FIG. 2 shows a preferred embodiment of rocker plate 90 adapted for such manual manipulation. Raised lip section 92 located at front edge 91E of rocker plate 90 allows a user to lift up on bottom surface of front section 91, thereby pivoting rocker plate 90 to drop position 98D. In FIG. 3, this manual manipulation is facilitated by finger recess 34 in bottom plate 30. Front edge 91E of rocker plate 90 extends over finger recess 34, providing a user with easy access to bottom surface of front section 91.
Return bumper 62, such as of rubber or other compressible material, shown on inside surface of front wall 61 of storage section 60, absorbs impact of rear section 94 pivoting to drop position 98D and serves, along with the greater moment of front section 91 of rocker plate 90, to ensure that rocker plate 90 will return to receiving position 98R after incoming mail has been deposited in storage section 60.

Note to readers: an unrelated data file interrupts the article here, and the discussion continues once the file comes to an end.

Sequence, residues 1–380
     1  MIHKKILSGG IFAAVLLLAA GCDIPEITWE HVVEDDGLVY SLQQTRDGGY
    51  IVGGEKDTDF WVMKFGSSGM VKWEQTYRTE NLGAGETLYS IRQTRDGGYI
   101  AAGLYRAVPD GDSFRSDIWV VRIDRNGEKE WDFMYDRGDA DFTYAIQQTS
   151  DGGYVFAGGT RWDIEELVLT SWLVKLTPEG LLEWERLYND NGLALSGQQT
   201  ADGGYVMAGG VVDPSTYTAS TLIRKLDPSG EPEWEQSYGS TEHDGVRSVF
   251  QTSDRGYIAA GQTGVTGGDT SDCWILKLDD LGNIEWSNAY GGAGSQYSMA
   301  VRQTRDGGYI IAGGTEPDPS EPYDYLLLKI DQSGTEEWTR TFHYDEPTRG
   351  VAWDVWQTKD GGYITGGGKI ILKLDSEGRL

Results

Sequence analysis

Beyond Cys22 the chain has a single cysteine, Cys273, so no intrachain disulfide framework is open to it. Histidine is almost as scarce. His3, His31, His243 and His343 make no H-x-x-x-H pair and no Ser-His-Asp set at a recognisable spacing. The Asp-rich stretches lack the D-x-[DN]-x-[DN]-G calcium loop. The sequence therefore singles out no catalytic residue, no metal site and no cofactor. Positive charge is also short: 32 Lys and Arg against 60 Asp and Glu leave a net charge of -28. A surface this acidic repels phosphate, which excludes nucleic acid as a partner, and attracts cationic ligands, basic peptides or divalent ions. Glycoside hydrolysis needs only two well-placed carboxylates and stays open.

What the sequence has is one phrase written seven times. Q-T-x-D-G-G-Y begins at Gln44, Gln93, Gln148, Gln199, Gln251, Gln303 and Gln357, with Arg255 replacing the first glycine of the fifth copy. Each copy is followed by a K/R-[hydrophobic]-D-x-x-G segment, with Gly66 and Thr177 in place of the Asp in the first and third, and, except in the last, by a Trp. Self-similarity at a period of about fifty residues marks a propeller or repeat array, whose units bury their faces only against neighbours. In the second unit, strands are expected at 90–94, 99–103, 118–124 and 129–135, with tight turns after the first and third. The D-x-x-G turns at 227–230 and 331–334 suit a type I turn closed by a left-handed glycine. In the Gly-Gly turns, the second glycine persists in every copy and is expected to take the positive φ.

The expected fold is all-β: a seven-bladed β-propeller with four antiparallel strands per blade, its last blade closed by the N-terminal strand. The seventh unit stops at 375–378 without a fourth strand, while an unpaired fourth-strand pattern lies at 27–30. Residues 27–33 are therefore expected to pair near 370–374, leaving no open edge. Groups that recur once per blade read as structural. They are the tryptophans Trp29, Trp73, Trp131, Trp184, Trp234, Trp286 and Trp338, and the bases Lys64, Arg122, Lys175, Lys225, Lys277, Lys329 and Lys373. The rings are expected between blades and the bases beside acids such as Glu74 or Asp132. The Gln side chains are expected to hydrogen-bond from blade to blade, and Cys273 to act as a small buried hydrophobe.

FIGS. 3 and 4 show how the operation of rocker plate 90 effectively acts as a security device by preventing access from receiving section 20 to mail accumulating in storage section 60. Importantly, receiving section 20 and rocker plate 90 are so dimensioned as to prevent a person's arm from reaching into storage section 60 through the opening in front end 21 of receiving section 20. In the receiving position 98R, rocker plate 90 closes off most of the upper portion 64 of storage section 60 from the opening in front end 21 of receiving section 20. A person's arm cannot extend past back edge 94E of rear section 94 and reach down into storage section 60 without pivoting rocker plate 90 toward drop position 98D. As rocker plate 90 pivots to drop position 98D, however, front section 91 closes off most of receiving section 20 such that a person's arm cannot be used to reach mail in storage section 60.